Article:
The rationale for the inclusion of these specific indicators in the template is to have as broad a coverage of the range of institutional indicators as possible, while also choosing other more “traditional” indicators for which data are generally available in the case of LICs. In the analysis of individual cases, the indicators presented in the template can be complemented by other indicators, especially if important for the country under analysis, provided information is available (e.g., wage data and/or FDI data).19 Likewise, alternative methods for assessing the RER misalignments could be used, in addition to the one used for this template.

A practical problem arises when deciding how to quantify the competitiveness indicators included in the template. Because the indicators are measured in different units of account, any comparison between two countries on two (or more) different indicators is difficult. To solve this problem, following Husain (2006), the template orders the countries in percentiles. Percentiles (deciles in the template) are straightforward to compute; the higher the order of the percentile that is used, the easier to differentiate the situation of any two countries for a given indicator, but at the same time, the larger (and thus less tractable) will be number of different percentile groupings. Although interpreting the results (presented in Section IV-B below) will be complex, if a country x ranks at least as high as another country y for every indicator, but strictly higher in at least one indicator, it could be deemed to be “more competitive”.

The template—a common framework for analyzing competitiveness—has a number of benefits. Namely, it:

  • Provides a simple manner to organize various competitiveness indicators, which is especially useful in the case of LICs, given the pitfalls of any particular technique.

  • Allows competitiveness assessments across countries and across time;

  • Underscores that competitiveness goes beyond RER measures;

  • Provides guidance as to what are the obstacles for competitiveness improvements;

  • Can be easily be extended to other country groupings, as competitiveness comparisons between LICs and an EMEs could be done in an analogous manner to the one presented here solely for LICs.

At the same time, the use of a template like the one proposed raises certain difficulties:

  • The number of available indicators differs widely among LICs; even if the template is restricted to the competitiveness indicators discussed above with the largest country coverage, there are still gaps for some countries. This obscures the interpretation of the template, since, ideally, competitiveness comparisons should be attempted only among countries with a similar number of indicators.

  • Time series for synthetic and institutional indicators are short and do not allow to assess gains in competitiveness from before 2004.

  • The competitiveness assessments can be ambiguous; in other words, there is a problem associated with the “aggregation” of different indicators. This problem arises when a given country ranks better than another country in some of the indicators, but worse in others. In this case, the only possible way to rank both is to have some “weighting system” that allows to ascertain the importance of either one of the indicators for the overall competitiveness of the countries under analysis. This issue is discussed more fully below.20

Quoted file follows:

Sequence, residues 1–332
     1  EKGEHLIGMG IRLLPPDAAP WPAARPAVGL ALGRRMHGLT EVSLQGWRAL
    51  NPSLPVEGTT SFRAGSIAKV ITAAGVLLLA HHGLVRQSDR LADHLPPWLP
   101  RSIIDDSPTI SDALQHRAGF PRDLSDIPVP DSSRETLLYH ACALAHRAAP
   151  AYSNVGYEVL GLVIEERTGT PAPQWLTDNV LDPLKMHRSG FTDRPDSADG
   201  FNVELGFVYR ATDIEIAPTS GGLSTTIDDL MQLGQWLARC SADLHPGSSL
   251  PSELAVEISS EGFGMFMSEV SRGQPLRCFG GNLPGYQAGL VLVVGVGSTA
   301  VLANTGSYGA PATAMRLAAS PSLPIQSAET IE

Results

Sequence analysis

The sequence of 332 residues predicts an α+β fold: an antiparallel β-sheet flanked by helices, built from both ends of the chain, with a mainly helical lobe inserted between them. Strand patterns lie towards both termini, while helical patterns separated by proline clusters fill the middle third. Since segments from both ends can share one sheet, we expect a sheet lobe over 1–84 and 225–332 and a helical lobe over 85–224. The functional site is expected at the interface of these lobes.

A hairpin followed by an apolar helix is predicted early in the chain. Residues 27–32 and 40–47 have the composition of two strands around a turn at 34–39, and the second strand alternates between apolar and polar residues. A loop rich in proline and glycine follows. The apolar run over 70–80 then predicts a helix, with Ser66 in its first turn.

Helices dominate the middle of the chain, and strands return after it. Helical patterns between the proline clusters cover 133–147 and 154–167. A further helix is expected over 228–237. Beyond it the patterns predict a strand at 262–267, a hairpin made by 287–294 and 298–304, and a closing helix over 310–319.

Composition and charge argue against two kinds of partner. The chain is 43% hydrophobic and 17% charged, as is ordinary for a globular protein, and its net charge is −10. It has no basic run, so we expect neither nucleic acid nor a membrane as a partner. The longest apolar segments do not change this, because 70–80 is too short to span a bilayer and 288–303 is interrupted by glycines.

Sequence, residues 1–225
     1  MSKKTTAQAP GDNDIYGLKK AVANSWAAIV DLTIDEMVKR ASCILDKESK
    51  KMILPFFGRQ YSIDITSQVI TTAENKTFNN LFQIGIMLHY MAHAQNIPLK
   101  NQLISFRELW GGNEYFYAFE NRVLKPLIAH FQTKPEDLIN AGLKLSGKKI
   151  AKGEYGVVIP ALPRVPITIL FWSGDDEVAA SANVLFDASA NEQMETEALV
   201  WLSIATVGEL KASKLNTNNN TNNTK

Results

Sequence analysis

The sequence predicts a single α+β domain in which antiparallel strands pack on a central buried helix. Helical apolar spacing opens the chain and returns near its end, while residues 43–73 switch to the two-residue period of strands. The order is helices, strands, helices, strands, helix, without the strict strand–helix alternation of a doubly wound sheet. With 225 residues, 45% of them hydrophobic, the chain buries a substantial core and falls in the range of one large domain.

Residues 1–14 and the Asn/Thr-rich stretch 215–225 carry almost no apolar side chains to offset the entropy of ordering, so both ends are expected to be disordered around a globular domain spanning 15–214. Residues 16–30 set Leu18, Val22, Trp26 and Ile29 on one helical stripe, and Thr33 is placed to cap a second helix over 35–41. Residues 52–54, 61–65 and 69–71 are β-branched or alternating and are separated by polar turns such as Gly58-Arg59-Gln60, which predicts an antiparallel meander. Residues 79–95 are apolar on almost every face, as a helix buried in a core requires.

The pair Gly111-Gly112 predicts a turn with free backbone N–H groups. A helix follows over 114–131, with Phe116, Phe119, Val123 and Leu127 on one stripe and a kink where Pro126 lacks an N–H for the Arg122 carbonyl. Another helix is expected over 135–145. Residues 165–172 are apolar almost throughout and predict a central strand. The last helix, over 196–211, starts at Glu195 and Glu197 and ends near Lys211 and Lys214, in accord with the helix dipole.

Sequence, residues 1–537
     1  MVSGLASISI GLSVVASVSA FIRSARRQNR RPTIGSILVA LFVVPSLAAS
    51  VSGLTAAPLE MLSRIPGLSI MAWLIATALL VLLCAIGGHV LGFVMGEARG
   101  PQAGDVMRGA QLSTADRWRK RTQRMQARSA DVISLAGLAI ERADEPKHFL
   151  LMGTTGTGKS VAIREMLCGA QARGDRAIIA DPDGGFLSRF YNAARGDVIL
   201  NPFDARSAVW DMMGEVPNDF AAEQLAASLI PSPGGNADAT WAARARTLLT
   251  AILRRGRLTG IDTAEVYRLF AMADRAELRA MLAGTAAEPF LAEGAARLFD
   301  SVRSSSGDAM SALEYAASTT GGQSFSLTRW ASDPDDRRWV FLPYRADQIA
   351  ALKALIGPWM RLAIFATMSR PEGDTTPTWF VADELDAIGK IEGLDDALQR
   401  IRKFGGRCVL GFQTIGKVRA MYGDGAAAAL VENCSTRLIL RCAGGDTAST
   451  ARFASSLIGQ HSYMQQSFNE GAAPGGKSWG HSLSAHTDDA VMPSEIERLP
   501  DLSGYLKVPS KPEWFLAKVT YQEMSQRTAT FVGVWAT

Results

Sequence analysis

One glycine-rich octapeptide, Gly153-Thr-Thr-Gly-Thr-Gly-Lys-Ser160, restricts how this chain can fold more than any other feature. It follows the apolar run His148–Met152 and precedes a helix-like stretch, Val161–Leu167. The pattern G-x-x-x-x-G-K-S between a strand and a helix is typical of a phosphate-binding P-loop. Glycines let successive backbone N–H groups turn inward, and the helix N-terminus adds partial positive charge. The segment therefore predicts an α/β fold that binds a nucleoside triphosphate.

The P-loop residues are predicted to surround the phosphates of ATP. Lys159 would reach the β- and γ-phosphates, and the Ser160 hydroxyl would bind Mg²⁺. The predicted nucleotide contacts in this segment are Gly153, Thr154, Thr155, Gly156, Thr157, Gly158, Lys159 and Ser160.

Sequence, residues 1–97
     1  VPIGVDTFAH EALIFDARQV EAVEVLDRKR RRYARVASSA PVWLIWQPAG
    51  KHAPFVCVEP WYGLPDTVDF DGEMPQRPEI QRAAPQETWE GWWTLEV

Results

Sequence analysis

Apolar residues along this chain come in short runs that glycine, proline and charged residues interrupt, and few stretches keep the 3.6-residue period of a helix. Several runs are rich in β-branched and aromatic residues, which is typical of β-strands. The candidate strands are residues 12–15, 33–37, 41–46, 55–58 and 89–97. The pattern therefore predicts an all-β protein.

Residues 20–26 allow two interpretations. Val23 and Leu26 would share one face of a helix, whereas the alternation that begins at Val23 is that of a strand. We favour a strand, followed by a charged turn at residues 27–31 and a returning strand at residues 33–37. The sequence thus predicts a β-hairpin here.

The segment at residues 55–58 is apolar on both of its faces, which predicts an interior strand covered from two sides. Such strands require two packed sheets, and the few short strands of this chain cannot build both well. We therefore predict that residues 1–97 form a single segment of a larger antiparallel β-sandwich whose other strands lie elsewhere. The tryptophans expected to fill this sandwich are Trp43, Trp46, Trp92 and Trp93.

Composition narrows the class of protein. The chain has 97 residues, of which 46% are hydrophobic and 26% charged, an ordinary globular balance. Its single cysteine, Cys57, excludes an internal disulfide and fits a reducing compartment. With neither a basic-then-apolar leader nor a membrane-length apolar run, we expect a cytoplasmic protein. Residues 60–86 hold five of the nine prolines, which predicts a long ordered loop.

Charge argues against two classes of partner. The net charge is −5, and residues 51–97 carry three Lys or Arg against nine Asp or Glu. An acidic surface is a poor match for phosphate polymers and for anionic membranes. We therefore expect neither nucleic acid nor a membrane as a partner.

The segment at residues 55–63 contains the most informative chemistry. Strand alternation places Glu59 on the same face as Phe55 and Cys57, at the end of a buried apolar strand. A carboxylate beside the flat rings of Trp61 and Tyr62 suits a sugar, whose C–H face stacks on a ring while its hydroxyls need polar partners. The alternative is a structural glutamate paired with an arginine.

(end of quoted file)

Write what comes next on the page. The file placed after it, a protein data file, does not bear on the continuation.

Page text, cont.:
B. The Template at work: General Results for 2005-06

As noted, to simplify comparisons across countries and across indicators, the information corresponding to each indicator is presented in the form of a decile ranking instead of the direct value of the indicator.21 The first decile represents the most competitive countries, while countries in the 10th decile are the least competitive.

The paper presents the results of the template for LICs in two alternative ways. The first presentation shown in Table 1 below simply reports the score (decile) of each country for each indicator for 2006, allowing cross-country comparisons for each indicator separately.22 Interestingly, no country scores systematically very high in all indicators and no country gets systematically low scores.

Table 1.

LICs Competitiveness Rankings for 2006.

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The presentation allows comparisons of countries according to each individual indicator and makes clear that the overall competitiveness assessment for a country requires some judgment as all indicators rarely point in an unambiguous direction. Moreover, indicators in each category are not necessarily correlated. For example, some countries such as Eritrea or Tanzania, score low in Doing Business but are ranked high by Transparency International.

Some countries show significant differences in relative price indicator rankings, but these are not necessarily paradoxical since the indicators capture slightly different dynamics. For example, for Nigeria, the CPI –based RER (RER CHG) has appreciated significantly over the last 5 years, and the country ranks in the 8th decile, but calibration estimates show that it is still well below its equilibrium value, justifying a ranking in the first decile. The reverse is true for Albania. Similarly, the RER has appreciated significantly in Chad over the last five years, but because the country started exporting oil (the prices of which simultaneously increased), the ITT mechanically decreased, thus explaining the large difference between the ITT and RER CHG measures.

Overall, it is safe to say that Ghana is more competitive than the Central African Republic, or that Bolivia is more competitive than Benin since Ghana and Bolivia score better on every indicator than the Central African Republic or Benin respectively. However, it is more difficult to form a judgment on the relative competitiveness of, for example, Pakistan and Sri Lanka since Pakistan outperforms Sri Lanka in only 6 indicators. The second presentation offers a simple means of dealing with the issue.